(Piacenza 1891 – San Michele di Moriano 1948)
Bathers (initial idea for Il Romanzo [The Novel])
Pencil on paper, 1100 x 1830 mm
Mario Broglio is remembered by literature to have profoundly influenced artistic culture in Italy – and particularly in Rome – between the wars, above all through his activity of editor and critic. His intense involvement in publishing alongside his wife, the Latvian painter and naturalised Italian Edita Walterowna von Zur Muehlen, is often thought to be at the origin of his not particularly rich pictorial production. Although that is true, it should also be born in mind that his painting, entirely dedicated to reaching a perfect equilibrium of pure shapes, lights and tones, is the fruit of complex and deeply meditated research, in no sense extemporary. Indeed, before getting to the application of colour to the support, Broglio went through a long theoretical preparation, accompanied by meticulous preparatory studies. As a result, this pencil on paper, besides demonstrating his skill in drawing and composition, represents a valuable record of his creative process. The work should be attributed to the canvas Il romanzo, of which it is obviously an initial design, exhibited in 1939 at the third Roman Quadriennale with another eight paintings, both portraits and still lifes. It is of note that the dimensions of the drawing are almost identical to those of the painting – today whereabouts unknown – detailed in the exhibition catalogue.
Having an ampler and more detailed setting with respect to the final version, the drawing sheds light on some aspects of the otherwise enigmatic painting shown at the Quadriennale. The two young women in bathing costumes and caps from Il romanzo, portrayed while resting from their swim, are the protagonists of a scene of modern life that gives a nod to the exaltation of sport, a characteristic of that historical period, and at the same time declares the popular diffusion of the novel. In the pencil on paper under consideration, the protagonists are in fact the two naked bathers in the pool, and the scene, rich with detail, is set at the ancient baths, perhaps in the frigidarium. Evoking a classical atmosphere, to which Broglio aspired although rendering it less obvious in the final painting, was the result of a reflexion on ancient Roman wall painting, with particular reference to the frescoes at the “Villa dei Misteri” in Pompeii. On which note, only a few years before, the archaeologist Amedeo Maiuri published his double volume with colour illustrations of the frescoes at the villa, found in 1930 following a recent excavation campaign. Many painters besides Broglio were influenced by the almost metaphysical nature of the Pompeian scenes, in particular the young artists of the “Scuola romana”, from Emanuele Cavalli and Giuseppe Capogrossi to Fausto Pirandello.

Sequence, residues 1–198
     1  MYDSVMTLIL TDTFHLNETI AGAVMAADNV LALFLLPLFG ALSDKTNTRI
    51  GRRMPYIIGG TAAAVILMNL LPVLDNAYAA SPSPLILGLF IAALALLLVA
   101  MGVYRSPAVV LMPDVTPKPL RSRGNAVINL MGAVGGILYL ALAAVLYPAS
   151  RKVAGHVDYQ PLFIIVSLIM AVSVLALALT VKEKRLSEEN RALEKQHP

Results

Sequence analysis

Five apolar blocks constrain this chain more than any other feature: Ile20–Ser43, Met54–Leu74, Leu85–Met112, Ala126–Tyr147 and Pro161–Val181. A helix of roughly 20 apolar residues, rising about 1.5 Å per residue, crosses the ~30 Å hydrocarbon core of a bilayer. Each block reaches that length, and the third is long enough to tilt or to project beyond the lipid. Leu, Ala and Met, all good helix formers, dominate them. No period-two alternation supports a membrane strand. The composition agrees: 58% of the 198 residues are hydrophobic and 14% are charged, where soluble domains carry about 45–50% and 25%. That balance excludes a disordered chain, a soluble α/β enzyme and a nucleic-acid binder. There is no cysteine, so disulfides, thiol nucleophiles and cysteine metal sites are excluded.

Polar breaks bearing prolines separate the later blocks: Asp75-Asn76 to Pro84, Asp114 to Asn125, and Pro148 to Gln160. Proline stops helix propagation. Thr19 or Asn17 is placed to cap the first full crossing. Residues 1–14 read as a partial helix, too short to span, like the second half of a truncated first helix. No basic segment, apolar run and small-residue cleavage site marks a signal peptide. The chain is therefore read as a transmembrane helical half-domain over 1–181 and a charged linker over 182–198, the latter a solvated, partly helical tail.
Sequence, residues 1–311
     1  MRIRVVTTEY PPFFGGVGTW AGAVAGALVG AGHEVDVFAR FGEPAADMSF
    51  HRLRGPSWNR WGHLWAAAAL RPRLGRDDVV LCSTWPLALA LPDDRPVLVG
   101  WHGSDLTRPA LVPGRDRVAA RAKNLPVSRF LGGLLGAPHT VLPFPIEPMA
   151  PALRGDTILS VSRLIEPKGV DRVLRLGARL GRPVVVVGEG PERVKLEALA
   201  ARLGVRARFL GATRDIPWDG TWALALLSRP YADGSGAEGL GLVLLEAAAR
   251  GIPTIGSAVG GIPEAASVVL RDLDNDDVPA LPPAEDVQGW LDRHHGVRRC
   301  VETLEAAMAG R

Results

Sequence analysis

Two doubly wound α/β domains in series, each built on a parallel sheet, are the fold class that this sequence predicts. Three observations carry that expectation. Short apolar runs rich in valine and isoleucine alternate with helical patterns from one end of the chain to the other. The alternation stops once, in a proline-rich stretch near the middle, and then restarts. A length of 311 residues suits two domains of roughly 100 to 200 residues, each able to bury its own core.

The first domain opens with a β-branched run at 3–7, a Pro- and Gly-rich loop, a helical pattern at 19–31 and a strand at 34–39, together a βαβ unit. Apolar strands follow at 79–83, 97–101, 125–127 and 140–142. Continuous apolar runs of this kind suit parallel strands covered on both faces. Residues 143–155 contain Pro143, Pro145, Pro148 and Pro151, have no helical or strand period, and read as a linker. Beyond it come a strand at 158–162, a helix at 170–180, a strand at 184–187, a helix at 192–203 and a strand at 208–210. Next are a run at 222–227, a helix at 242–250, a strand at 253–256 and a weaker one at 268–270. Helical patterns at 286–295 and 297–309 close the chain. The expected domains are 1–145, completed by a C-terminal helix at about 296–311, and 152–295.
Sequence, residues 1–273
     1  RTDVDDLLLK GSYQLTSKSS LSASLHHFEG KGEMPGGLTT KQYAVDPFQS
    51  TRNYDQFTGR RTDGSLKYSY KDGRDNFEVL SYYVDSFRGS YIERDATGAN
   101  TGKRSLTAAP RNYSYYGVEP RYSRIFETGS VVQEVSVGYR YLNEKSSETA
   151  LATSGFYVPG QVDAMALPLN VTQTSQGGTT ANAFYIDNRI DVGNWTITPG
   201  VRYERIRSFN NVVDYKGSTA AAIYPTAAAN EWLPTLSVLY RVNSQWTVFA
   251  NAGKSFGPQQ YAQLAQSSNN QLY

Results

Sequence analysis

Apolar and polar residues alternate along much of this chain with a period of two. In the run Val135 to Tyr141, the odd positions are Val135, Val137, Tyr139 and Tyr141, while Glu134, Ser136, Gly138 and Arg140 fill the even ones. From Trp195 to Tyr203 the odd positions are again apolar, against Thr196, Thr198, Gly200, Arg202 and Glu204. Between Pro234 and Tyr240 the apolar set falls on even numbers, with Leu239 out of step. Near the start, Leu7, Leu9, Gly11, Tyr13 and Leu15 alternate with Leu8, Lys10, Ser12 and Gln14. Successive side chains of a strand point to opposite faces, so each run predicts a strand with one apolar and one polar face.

Broglio studied Italian painting from antiquity to the Renaissance with rigour and philological method and it is fundamental in a consideration of his work and that of artists from the “Valori Plastici” movement. The debt to tradition can also be inferred from his clear and precise drawing technique, which the artist has carefully controlled by means of a grid. Many of the drawings by Broglio and his wife show traces of this ancient technique, rediscovered in Italy between the wars in the general climate of a “return to craft.”
 There is a further, smaller-scale, study for Il romanzo, previously in a private collection at La Spezia. Cfr. G. Di Genova (ed. by), Storia dell’arte italiana del ‘900: Generazione maestri storici (3 v.), Bologna 1995, p. 1330.
 III Quadriennale d’Arte Nazionale, Rome 1939, p. 63, no. 1.